Understanding teachers' pedagogical choice: A sociological framework combining the work of Bourdieu and Giddens

Year: 2012

Author: Burridge, Peter

Type of paper: Abstract refereed


The persistent challenge to improving the learning of young people in secondary schools is encouraging teachers to review and change their classroom practices. For the past 20 years in Australia and around the western world, education authorities have attempted a range of strategies to improved the teaching and learning in secondary schools, but have achieved little success. Without understanding the influences on teachers' pedagogical choice, encouraging a change in practice remains a process of trial and error.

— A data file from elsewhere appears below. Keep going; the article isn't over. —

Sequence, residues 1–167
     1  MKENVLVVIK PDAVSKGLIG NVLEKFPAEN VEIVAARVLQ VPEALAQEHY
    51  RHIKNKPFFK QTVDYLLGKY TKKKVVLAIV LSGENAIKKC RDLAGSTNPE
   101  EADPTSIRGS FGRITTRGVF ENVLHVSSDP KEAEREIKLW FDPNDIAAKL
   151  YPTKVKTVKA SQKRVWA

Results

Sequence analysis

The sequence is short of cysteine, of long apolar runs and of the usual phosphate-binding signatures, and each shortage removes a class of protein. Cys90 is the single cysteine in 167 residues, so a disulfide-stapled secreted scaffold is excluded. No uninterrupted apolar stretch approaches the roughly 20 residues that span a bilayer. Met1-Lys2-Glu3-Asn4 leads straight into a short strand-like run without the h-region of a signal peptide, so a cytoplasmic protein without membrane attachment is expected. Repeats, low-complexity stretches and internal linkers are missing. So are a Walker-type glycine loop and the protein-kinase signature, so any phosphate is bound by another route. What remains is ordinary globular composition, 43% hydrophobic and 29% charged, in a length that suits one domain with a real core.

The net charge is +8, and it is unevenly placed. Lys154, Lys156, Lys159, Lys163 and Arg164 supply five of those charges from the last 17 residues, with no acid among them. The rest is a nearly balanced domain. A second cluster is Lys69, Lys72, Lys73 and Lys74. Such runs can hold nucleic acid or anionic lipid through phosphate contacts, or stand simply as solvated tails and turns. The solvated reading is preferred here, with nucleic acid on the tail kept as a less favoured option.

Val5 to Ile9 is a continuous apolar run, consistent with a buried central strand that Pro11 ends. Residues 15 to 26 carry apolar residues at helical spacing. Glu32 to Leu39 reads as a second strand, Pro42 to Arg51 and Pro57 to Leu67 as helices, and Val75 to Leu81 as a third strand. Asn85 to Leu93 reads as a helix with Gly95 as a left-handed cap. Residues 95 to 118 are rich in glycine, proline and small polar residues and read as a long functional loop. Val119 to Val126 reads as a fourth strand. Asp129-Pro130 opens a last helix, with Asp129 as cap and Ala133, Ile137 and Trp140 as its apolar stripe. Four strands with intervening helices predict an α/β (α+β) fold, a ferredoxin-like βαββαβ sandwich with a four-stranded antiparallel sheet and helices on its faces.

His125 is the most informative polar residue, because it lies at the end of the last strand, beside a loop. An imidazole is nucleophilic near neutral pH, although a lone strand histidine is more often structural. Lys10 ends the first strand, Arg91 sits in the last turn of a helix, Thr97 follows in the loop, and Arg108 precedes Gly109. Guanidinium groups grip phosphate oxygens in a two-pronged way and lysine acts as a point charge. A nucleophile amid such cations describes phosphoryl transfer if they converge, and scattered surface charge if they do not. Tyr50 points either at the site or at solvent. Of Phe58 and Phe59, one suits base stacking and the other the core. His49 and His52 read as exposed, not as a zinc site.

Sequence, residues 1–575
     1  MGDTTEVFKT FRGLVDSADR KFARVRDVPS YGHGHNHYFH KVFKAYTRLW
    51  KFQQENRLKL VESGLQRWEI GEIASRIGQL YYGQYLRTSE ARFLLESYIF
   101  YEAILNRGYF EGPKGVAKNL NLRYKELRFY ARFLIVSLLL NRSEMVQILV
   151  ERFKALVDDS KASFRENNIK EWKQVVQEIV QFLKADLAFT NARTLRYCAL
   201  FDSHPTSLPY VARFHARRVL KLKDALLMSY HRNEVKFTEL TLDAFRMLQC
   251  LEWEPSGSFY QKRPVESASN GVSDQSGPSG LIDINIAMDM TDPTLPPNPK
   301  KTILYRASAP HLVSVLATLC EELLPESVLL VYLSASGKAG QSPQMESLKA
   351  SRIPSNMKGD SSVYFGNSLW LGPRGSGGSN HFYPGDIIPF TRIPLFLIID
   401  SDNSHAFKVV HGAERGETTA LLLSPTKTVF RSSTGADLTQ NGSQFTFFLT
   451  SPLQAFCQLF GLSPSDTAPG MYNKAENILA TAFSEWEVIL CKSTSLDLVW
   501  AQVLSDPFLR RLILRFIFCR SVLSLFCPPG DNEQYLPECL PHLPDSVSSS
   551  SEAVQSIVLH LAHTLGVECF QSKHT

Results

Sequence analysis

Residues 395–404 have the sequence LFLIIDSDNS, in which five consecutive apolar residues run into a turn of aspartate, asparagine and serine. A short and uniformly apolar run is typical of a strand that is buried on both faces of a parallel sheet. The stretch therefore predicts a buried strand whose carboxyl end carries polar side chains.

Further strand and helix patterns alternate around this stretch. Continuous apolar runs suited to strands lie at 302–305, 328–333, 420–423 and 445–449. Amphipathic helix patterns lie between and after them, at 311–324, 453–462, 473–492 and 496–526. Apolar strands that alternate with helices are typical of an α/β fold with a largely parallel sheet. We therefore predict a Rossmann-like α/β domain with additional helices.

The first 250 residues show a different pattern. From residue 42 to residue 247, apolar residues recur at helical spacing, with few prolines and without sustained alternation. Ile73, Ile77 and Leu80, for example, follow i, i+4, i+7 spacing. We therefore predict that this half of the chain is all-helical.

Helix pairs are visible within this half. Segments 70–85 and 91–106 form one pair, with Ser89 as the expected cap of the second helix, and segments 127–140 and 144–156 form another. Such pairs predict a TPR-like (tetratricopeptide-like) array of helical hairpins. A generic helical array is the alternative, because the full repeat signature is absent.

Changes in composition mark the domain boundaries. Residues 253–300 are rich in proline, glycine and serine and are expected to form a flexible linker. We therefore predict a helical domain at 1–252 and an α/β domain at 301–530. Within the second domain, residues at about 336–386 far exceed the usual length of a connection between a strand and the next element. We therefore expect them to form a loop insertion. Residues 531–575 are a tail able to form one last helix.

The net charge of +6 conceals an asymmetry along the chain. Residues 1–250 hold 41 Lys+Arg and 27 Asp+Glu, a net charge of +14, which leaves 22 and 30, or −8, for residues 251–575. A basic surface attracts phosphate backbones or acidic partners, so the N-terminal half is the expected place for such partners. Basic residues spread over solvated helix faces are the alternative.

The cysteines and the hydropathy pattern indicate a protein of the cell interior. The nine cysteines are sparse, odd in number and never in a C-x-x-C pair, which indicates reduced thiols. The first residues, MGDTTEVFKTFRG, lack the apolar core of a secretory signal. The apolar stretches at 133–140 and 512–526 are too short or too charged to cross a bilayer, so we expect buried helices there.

This paper presents a sociological framework developed from the work of Pierre Bourdieu and Anthony Giddens which can be used to explore the complex social interactions which affect teachers work. The framework examines peoples' potential to act knowledgeably and intentionally and how this action can lead to unintended consequences. Both the intentional action and the unintended consequences of action affect teachers' work and student learning.

Application of the framework to analyse teachers' pedagogical choice is presented through two school case studies. The environment that encourages teachers' to actively review their teaching practices is revealed. It is support of the reflective process which is the first step in teachers' choosing  pedagogies which will enhance the learning of young people in secondary schools.